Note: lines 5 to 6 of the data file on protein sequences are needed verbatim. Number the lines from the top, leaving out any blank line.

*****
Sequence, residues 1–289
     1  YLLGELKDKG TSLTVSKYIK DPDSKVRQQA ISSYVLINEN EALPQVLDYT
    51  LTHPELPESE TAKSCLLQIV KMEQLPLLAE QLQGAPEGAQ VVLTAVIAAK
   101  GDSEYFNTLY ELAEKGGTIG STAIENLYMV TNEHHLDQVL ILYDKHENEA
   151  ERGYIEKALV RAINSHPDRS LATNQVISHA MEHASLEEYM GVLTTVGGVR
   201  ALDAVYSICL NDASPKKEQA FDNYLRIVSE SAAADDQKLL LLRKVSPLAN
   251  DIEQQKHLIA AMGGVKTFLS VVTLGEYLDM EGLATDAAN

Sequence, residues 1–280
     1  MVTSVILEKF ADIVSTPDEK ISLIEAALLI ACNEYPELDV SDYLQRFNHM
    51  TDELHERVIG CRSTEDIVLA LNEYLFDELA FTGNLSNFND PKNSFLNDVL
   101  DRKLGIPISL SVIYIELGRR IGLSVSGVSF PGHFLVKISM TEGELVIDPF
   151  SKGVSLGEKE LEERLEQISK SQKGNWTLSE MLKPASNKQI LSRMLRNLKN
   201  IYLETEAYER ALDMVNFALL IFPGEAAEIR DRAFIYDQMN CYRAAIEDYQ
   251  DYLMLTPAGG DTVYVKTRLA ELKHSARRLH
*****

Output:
   151  ERGYIEKALV RAINSHPDRS LATNQVISHA MEHASLEEYM GVLTTVGGVR
   201  ALDAVYSICL NDASPKKEQA FDNYLRIVSE SAAADDQKLL LLRKVSPLAN